Ontario Public Institutions and On-site Food Production: Visualizing the Future for Health Care
Project SOIL (Shared Opportunities on Institutional Lands) is a feasibility study that explores the potential of on-site food production for public institutions through arrangements with local producers, particularly where access to land for food production is limited and/or expensive. Funded by the New Directions Research Program of the Ontario Ministry of Agriculture, Food and Rural Affairs, the project builds on emerging production models that can flexibly adapt to institutional resources, as well as land tenure models that could contribute to community food production. Project Soil website.
Mohawk College looking for food partners
Mohawk College is spearheading an endeavour that is aimed at getting more locally grown and produced food into the hands of students at Ontario’s 24 community colleges. The college, in a partnership with the Greenbelt Fund and the Ontario Ministry of Agriculture, Food and Rural Affairs, recently published a report of the current food procurement situation and examined potential opportunities for getting more local fare onto the campuses. Now, according to Alan Griffiths, manager of sustainability at Mohawk, they are looking to turn those opportunities into action. Hamilton News story.
Growing Local Food Literacy, Wednesday April 19, 2017, 3:30 – 4:30
Webinar will focus on how to teach local food literacy while engaging students in developing gardening skills in various educational settings. Packed with hands-on tips and resources, our speakers are Ecosource (Region of Peel), Growing Up Organic (Ottawa), and the Kids Can Grow Program (Manitoulin Island). Sustain Ontario webinar.
Farmland is for Farmers
Emery Huszka, NFU-O President, presented at the Ontario Farmland Trust forum on March 30 about the impact to farmland when farmers no longer own it. “The NFU has been calling for farmland to remain in the hands of farmers since its inception. There are protections for farmland in other parts of this country but not in Ontario. If legislators in Ottawa and Queen’s Park refrained from eating for a few days prior to debating agriculture laws, I’m pretty sure we would have better legislation in favour of farmers,” Huszka noted. National Farmers Union – Ontario release.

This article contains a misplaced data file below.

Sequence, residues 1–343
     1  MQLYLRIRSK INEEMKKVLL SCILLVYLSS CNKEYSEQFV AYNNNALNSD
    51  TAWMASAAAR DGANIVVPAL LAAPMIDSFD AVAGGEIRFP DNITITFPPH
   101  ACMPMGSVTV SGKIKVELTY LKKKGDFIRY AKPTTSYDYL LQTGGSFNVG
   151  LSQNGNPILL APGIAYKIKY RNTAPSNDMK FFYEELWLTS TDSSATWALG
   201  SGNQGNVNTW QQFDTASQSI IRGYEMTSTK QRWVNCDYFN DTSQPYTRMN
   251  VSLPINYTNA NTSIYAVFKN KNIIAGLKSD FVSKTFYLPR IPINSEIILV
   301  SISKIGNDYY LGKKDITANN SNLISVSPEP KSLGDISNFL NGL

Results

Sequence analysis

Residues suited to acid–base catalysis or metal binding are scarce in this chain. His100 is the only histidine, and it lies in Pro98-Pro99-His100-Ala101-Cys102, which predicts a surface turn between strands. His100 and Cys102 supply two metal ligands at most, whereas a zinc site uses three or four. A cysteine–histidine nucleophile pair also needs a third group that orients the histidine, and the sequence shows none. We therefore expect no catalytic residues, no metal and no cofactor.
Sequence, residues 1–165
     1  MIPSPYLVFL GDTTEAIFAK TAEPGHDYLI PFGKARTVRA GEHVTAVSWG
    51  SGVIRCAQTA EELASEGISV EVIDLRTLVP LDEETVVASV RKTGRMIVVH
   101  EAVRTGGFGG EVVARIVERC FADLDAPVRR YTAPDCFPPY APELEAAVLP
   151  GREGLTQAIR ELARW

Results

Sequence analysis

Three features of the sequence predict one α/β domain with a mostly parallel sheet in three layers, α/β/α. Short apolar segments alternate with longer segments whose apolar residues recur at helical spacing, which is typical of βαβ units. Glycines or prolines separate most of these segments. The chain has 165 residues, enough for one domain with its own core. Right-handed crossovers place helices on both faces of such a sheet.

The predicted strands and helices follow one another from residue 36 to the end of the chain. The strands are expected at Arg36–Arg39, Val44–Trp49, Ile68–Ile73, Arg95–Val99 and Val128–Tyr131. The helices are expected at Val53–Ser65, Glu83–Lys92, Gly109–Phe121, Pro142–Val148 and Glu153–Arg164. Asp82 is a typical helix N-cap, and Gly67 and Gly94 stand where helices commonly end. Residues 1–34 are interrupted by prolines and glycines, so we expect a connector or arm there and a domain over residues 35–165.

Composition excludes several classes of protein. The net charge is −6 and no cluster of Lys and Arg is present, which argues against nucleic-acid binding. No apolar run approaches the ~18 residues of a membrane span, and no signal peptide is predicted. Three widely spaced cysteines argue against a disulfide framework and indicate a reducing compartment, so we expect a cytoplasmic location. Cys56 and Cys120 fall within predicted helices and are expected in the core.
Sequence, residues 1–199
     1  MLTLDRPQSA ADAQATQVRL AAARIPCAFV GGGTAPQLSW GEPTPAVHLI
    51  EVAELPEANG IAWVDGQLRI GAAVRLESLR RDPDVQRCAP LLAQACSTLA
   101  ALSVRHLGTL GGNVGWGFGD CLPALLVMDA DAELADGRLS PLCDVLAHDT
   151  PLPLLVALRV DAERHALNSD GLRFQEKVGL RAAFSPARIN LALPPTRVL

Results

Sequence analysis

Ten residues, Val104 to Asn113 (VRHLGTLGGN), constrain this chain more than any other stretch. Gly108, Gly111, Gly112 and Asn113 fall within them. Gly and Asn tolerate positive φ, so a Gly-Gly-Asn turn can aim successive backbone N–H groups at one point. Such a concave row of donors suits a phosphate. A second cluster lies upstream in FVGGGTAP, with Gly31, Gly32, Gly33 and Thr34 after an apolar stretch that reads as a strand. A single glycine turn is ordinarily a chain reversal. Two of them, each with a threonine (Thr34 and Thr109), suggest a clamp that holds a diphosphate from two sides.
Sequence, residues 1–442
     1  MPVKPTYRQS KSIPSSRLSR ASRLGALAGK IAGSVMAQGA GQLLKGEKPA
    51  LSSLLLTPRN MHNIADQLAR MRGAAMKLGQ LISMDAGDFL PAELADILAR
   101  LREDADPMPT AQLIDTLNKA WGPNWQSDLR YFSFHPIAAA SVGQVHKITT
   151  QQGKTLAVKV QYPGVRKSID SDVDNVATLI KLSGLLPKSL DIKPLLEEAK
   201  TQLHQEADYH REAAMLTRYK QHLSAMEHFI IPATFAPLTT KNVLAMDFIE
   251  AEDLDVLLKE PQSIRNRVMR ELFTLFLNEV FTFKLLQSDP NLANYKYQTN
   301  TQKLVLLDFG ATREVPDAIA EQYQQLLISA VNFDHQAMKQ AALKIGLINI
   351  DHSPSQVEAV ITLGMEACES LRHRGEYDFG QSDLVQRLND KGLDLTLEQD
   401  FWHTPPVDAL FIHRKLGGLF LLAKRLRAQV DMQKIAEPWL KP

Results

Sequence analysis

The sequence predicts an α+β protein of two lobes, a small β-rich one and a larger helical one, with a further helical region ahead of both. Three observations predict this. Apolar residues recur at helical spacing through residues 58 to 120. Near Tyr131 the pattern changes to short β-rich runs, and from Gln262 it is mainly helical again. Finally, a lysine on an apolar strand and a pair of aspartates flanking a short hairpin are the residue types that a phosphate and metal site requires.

AND IF YOU HAVE TIME
Little Brick Pastoral celebrates story of Australian agriculture with Lego farmer minifig
A tiny plastic farmer wearing a wide-brimmed hat and green overalls is doing his bit to raise awareness of Australian agriculture. He is the Lego Farmer, 4.5cm tall and becoming quite a national, if not international, celebrity as he sows the message of agriculture in schools and via social media. The farmer spends his day working hard, fixing machinery, baling hay, checking the harvest, planting crops or hanging out with his working dog. And his ‘home’ is with Little Brick Pastoral, a blog started by agribusiness graduate Aimee Snowden, who lives on her family’s irrigation farm at Tocumwal, in the southern Riverina in New South Wales. ABC News story.